Therefore, when there is a contestation between Articles 14, 19 and 21 and Articles 25 and 26, the former are bound to win based on the ‘Golden Triangle’. It is thus common sense that women’s right to equality under Article 14 and their freedom to move into the temple under Article 19 cannot be restricted in the absence of any reasonable restriction.
Thirdly, how is the celibate status of a deity threatened if a woman capable of giving birth worships the deity? If men capable of indulging in sexual intercourse can worship the deity without it affecting the deity’s vow of celibacy, restricting “impure” woman capable of menstruation from entering the temple is a fallacy I fail to wrap my head around. Also, if the rule were so stringent and structured, then why does Sabarimala allow women who are above the age of 50 years? Menopause does not come for every woman at the age of 50. Moreover, this stringent rule must also then permit women suffering from premature menopause. Or perhaps the issue boils down to the fact the Ayyappas are not sure that their deity would be able to contain his sexuality within himself in the presence of women. But, having said that, being a deity, isn’t he free from all sin and temptation?
Fourthly, Section 3 of the Kerala Hindu Places of Worship (Authorisation of Entry Act) of 1965 allows places of public worship to be open to “all sections and all classes of Hindus,” while Section 4 allows the place of worship to make regulations with respect to “due performance of rites and ceremonies” with a proviso that these regulations should not discriminate against Hindus of “any class.” Pursuant to Section 4, the Kerala legislature framed some rules based on the concept of delegated legislation. The idea being that all rules framed in the delegate legislation should be within the mandate accorded to it by the parent Act. Rule 3(b) of the rules disallowed few people from offering worship. This rule included “women at such time during which they are not by custom and usage allowed to enter a place of public worship.”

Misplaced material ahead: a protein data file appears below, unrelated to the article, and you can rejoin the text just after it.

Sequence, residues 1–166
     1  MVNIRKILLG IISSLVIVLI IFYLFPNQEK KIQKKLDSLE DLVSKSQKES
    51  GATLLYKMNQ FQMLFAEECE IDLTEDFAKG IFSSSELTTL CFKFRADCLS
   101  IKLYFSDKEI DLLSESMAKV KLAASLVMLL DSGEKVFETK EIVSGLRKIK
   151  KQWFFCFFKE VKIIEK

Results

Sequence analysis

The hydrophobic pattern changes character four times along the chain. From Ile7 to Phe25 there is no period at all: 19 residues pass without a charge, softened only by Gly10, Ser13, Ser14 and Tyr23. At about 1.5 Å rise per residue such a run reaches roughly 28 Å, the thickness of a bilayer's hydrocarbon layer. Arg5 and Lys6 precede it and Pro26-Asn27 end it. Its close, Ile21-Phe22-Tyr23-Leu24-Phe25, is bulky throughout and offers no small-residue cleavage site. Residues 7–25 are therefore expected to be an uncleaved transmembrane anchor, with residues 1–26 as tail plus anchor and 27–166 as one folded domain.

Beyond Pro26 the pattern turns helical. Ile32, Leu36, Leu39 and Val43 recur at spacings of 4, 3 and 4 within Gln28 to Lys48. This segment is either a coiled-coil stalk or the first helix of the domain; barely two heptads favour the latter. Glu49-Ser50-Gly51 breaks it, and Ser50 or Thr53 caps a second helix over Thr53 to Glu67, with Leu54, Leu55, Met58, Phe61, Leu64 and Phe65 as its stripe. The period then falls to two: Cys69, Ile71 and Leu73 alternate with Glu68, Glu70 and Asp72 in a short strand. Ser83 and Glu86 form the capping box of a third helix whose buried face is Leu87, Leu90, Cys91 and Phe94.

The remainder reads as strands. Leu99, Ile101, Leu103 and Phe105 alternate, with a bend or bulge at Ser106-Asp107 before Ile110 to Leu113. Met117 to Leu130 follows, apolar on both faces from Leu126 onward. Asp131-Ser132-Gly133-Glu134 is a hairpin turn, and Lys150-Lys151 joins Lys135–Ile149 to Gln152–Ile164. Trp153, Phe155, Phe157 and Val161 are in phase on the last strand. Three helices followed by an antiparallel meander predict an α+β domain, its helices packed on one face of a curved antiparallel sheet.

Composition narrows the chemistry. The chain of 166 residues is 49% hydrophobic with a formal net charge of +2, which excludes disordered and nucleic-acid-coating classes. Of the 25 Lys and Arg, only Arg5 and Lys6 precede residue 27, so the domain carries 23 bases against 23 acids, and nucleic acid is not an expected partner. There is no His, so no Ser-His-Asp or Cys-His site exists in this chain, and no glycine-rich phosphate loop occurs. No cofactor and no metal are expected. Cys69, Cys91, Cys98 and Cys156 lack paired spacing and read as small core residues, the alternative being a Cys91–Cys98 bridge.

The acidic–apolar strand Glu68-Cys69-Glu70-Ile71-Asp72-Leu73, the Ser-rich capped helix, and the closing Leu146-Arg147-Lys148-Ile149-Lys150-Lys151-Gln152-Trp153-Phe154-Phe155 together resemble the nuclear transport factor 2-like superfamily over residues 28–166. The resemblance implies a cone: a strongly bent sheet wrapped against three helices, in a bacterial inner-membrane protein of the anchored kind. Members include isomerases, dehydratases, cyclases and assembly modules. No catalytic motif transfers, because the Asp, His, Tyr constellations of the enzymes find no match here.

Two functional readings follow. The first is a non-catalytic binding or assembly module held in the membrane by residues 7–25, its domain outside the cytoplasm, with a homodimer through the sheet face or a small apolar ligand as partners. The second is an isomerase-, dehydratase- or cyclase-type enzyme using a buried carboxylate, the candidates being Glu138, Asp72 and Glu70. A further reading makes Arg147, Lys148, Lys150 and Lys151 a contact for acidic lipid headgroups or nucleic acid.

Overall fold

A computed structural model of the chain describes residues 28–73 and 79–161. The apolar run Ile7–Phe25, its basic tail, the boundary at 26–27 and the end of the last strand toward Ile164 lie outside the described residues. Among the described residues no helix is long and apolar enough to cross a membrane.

If women aged between 10 and 50 years, capable of menstruation, fall under Hindus of “any class” as codified in the proviso to Section 4 of the Kerala Hindu Places of Worship Act, which is the parent Act, then, Rule 3(b) so framed by the Kerala legislature is ultra vires the parent Act. This is because these rules were to be framed with respect to “due performance of rites and ceremonies.” However, Rule 3(b) is a rule with respect to entry of persons into the temple. Therefore, the state legislature went beyond its mandate to frame such a rule.
Secondly, if women between the ages of 10 and 50 years fall under the category of “any class” of Hindus under the Section 4 Proviso of the parent Act, then the subordinate legislation by the Kerala legislature made a rule that is in conflict with the parent statute by disallowing “women at such time during which they are not by custom and usage allowed to enter a place of public worship”. And so, the rule is invalid.
But in the absence of disputes over the deities of Sabarimala with their right to practice and preserve their dharma, there shall be a new Thackeray, somewhere, legitimising the deification of a living being on one hand and the supine existence of another on the other hand.
Tanessa Puri is a fourth-year law student. She can be found writing poems when not studying the law and begging for a job.